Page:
Saturday, 19 November 2011

Rules of language vs prescriptivism

I blog this blog over at Tumblr as well, as there's a linguistic community over there and Blogger is so uselessly hopeless at having any kind of interaction between bloggers. There was an interesting post recently from Lesserjoke, which I replied to.

He was asked this question:

Question: Hey, I’m just wondering- and totally not in a sarcastic/condescending way- from a linguists perspective, if there’s no “wrong” usage of words or grammar, why have rules at all? Are there any that matter? Just wanted to get your views on it.

And this was his reply:

Answer: Linguists really do vary, and most are not as pigheadedly anti-prescriptivist as I am. =) But, from my perspective, we don’t need rules at all. English survived for quite a while before people started writing down the rules to it, and there are many societies around the world still today that don’t actively enforce linguistic rules.

There’s a huge pressure on people who directly interact to understand one another. If X and Y are going to communicate to each one’s benefit, they’re going to need to be able to successfully pass messages back and forth. And when you expand that to an entire society, the principle remains the same: the language of people who are forced to communicate naturally converges to the point of understandability, without the need for actively prescribing rules.

Due to that pressure, most variation within a language is just statistical noise: it’s interesting, it can teach us a lot about the principles of grammar, and I would even say it’s beautiful… but it’s so minor that it doesn’t get in the way of comprehension. It’s really rare for two speakers of the same language to truly not be able to understand each other.

And if that were to happen — if, without the active enforcement of grammatical rules, a formerly common language begins splitting apart… who cares? Historically, that’s happened plenty of times. The various Romance languages all descended from dialects of Latin, Old English branched away from Old Germanic, and so on and so forth. Languages split when that social pressure goes away: when one population of Old Germanic speakers no longer are interacting enough with the others to need to maintain cross-group intelligibility. It’s a perfectly natural linguistic process, and it almost doesn’t make sense to stand in its way. If we need to understand one another, we will, and if we don’t, what’s the point of making sure we can?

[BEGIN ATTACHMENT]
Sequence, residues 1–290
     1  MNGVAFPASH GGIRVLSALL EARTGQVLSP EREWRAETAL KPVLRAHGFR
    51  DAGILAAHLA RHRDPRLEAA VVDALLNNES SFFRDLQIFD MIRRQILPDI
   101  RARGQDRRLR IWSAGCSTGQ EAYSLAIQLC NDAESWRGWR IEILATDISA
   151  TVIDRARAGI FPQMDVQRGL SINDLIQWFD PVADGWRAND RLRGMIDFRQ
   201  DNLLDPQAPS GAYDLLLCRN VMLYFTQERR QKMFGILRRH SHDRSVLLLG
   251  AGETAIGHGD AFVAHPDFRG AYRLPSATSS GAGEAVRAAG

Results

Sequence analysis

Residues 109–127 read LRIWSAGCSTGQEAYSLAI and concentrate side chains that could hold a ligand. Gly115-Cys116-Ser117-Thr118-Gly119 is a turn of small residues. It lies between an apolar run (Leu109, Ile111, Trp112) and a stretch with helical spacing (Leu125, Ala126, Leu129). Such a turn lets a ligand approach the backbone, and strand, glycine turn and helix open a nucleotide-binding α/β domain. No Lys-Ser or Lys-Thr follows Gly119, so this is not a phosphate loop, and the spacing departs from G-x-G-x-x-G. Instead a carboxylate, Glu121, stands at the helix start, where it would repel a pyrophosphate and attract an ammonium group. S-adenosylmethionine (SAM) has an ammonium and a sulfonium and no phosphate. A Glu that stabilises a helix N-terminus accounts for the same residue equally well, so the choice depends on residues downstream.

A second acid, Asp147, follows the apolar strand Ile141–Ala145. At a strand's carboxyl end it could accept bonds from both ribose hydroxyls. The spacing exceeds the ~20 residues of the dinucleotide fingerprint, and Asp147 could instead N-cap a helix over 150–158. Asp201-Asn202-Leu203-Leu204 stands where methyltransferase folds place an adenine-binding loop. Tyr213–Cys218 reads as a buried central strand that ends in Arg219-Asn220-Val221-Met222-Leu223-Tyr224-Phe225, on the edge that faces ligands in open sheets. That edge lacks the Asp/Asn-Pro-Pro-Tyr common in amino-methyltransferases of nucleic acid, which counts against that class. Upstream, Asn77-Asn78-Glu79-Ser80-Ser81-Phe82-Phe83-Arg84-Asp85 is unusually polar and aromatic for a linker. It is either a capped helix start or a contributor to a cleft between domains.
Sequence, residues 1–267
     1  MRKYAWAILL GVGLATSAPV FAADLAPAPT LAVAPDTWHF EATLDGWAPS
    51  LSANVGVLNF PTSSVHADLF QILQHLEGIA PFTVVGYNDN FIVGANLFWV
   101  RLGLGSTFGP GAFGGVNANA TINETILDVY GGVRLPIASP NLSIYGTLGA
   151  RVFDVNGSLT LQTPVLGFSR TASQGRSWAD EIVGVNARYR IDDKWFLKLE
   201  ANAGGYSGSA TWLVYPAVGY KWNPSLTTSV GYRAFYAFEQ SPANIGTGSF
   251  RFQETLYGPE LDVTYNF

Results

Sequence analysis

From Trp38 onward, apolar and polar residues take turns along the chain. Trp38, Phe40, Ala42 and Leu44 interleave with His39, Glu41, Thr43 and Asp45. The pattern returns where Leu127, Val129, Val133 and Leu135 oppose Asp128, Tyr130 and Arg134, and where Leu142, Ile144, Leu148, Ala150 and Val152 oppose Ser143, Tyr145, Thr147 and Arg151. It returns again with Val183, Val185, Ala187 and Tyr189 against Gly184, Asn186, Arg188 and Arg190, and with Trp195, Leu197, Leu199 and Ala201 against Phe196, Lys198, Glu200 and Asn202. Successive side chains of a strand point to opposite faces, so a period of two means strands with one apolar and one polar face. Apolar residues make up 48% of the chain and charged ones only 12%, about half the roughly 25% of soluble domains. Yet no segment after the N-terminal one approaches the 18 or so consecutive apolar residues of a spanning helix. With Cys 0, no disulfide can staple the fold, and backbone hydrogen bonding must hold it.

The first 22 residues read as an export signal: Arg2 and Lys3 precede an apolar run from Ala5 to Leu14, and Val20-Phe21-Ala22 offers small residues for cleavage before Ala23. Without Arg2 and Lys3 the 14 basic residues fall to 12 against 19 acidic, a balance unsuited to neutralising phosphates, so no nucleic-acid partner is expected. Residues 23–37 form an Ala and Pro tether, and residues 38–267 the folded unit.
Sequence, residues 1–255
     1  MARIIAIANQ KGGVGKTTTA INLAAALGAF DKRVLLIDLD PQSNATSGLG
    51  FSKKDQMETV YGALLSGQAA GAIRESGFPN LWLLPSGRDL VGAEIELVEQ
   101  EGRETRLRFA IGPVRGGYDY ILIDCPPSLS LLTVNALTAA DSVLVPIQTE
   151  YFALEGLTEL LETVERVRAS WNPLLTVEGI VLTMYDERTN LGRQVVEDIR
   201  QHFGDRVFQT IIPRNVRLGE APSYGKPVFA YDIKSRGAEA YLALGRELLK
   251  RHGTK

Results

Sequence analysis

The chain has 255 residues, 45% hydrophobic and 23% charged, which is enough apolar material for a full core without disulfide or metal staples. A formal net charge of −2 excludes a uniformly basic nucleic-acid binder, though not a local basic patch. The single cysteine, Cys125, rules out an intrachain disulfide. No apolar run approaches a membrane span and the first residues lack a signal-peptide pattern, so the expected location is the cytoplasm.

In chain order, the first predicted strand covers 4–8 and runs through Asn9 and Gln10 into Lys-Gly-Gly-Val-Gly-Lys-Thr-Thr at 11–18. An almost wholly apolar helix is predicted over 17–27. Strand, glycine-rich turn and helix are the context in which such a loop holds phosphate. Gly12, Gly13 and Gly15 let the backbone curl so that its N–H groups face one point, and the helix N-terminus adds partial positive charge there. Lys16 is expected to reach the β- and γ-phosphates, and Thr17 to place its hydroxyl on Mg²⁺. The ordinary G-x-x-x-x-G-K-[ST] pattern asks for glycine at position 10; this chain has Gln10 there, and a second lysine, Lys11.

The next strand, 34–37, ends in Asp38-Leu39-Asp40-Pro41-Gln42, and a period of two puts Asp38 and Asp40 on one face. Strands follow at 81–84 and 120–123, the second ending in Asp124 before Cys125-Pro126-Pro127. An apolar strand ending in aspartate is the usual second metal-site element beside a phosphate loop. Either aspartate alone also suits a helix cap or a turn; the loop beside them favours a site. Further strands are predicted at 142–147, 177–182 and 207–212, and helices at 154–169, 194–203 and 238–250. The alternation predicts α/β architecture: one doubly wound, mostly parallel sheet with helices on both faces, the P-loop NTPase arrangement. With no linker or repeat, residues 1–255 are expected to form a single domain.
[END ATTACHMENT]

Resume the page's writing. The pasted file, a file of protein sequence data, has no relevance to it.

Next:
So that’s my answer! The explicit enforcement of grammatical rules is unnecessary and only serves to unfairly shame speakers of nonstandard variants. If we just let the invisible hand take care of it (the way many societies have done and continue to do today), an equilibrium of necessary intelligibility in language would soon be achieved.

I thought that was broadly right but overlooked a fundamental aspect of language, which is that it is strictly rule-governed. I agree that we don't need to explicitly enforce the rules, but speakers of language enforce them themselves without outside interference. I replied stating as much, as follows:

A crucial point is the difference between prescriptive rules and the principles of grammar that underlie language. I agree with the above regarding the explicit enforcement of ‘rules’ - but these are the little things, the things that vary in non-standard usage and so on.